Even within the building community, parking is a hot topic of debate. “A lot of our senior managers don’t want to build parking, but the leasing agents want more parking,” Harris said.

Brandywine has doubled its parking assets in the last five years, Harris said. But the company recognizes that parking is a changing business. “It’s about finding other ways to use the garage,” he said.

On one project, Brandywine built a one-acre (0.4 ha) park on top of a 1,600-space garage, to complement mixed-use buildings it erected on either side of the garage, Harris said. And since the facility may not need 1,600 spaces ten years from now, Brandywine is already planning to add retail space in the garage, he said. In another case, the firm is exploring adding exterior compartments to a garage for retail.

“We are always trying to find ways to put something on top of the garage or add some retail, to not only increase revenue but [also] increase activity,” Harris said. The company is trying to strike a balance between “continuing to make money in parking, keep tenants happy, and find ways to utilize” the garages in the future, he said.

Brandywine converted one old garage into a modern facility with a robotic parking system. “It was a site that nobody else wanted to buy and knock down and then build,” Harris said. “So we tried to find a way to turn it into something different.”

Automated garages illustrate one of the basic shifts in the business, he said. “Robotic parking is more vehicle storage than parking, and that’s where we see the transition in future,” Harris said. People still want their cars, but they may not need the car on demand in the same way, he said. “That’s where we see it evolving from a transient parking environment to a parking storage environment.”

In the short term, it is unrealistic to think that parking will be eliminated from projects, App said. Developers are looking for revenue streams, tenants want spaces, and the public is clamoring for more parking. Universities and corporate developers may look long-term in their planning, but the private sector is still focused on the near term, App said.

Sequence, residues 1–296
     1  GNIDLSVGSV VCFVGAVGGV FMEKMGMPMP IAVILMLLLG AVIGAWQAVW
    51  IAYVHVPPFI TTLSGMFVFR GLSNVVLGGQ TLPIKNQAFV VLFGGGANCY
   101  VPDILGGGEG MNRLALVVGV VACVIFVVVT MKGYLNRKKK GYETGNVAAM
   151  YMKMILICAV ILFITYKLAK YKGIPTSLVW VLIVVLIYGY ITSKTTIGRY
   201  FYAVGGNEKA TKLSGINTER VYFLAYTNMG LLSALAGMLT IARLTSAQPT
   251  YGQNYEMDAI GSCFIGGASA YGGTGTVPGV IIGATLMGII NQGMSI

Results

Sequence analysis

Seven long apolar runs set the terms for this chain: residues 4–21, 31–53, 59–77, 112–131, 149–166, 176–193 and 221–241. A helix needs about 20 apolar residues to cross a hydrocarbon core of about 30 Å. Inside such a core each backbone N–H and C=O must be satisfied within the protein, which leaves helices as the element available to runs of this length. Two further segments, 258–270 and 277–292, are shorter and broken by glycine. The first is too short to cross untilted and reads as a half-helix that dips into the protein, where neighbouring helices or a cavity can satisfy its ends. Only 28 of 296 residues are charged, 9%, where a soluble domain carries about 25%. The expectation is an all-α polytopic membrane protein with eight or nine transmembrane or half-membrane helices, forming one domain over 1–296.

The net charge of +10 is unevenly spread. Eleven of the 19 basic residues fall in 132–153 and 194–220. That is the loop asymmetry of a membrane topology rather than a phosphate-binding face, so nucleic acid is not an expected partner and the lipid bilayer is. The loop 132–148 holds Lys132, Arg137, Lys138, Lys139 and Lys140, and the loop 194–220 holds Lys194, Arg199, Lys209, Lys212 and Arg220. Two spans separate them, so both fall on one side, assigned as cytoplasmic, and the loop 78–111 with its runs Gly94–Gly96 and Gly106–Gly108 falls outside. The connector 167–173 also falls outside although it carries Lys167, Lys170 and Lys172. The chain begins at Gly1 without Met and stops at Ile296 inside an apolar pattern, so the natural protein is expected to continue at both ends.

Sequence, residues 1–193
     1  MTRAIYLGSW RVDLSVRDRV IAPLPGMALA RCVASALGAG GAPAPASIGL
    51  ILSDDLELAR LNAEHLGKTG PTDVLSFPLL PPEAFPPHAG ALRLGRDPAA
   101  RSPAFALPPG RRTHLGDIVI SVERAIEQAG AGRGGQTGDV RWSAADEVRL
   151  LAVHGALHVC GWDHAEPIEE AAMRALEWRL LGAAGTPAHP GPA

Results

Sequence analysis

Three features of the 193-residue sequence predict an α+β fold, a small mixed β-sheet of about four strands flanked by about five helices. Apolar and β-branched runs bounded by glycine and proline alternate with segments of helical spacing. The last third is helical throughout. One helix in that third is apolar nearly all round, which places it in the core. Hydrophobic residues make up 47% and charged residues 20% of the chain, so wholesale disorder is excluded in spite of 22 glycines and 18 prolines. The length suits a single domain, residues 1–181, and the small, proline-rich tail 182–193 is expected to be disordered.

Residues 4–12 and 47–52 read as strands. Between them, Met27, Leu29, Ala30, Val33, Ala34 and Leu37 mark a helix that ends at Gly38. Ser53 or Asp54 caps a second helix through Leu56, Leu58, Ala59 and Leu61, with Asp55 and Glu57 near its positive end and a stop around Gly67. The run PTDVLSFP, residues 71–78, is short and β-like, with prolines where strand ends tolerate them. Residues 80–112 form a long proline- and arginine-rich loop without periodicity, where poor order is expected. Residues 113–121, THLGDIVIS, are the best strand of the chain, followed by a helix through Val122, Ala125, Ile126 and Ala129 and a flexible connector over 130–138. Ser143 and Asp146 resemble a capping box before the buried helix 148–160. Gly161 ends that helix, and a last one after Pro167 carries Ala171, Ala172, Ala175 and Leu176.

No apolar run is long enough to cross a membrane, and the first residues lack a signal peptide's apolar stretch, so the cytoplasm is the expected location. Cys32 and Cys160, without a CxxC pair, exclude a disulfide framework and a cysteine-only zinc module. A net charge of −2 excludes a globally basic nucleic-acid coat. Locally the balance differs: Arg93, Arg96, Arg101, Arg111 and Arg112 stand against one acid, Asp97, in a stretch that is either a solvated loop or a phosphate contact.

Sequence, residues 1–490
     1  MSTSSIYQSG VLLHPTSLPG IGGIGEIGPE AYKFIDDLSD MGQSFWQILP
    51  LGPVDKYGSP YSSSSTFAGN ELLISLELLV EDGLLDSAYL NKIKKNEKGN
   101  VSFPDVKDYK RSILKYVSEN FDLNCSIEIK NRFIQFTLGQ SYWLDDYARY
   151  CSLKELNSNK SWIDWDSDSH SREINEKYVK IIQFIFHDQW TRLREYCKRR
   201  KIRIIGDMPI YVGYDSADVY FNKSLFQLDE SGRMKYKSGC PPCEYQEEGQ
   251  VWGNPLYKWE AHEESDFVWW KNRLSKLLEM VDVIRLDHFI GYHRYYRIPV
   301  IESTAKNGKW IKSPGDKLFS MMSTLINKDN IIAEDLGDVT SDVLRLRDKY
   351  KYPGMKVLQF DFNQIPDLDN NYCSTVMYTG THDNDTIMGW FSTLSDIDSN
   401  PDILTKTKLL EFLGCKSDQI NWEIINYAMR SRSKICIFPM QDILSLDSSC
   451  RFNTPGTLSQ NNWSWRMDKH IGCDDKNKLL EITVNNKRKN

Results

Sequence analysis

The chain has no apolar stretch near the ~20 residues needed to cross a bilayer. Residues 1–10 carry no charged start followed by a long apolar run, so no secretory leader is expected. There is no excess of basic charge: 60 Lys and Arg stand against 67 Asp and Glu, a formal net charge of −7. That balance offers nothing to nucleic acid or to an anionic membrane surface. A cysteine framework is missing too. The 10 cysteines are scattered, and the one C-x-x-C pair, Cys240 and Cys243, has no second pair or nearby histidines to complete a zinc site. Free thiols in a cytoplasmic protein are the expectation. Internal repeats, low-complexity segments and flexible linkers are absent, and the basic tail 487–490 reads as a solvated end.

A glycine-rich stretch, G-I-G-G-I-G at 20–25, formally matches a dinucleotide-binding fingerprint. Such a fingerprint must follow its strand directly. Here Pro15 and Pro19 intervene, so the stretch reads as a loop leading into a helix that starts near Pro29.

“I don’t yet have a developer who is interested in planning for the future,” App said. Developers are interested in maximizing profits now rather than trying to predict the future, he said.

But the experts did not deny that demand for parking spaces is likely to slide in the years ahead, especially in new transit-oriented developments.

The key is designing garages that are flexible enough to change with changes in consumer habits, Wagner said. He offered three specific suggestions for “future-proofing” parking projects: 1) raise the second level to allow for alternative uses on the ground floor; 2) design removal or flexible facades, because “you may not want a building that looks like a garage in the future; and 3) build in phases, which will allow for adjustments in later phases, based on demand, and create an opportunity to redevelop one phase when demand slows, without eliminating the entire parking structure.

But parking is not going away any time soon, App said. In some cities, off-street parking fits into a sustainability equation by reducing miles driven, he said. “A garage can be a place to take a car off the road and park and then encourage pedestrian activity at that point,” he noted.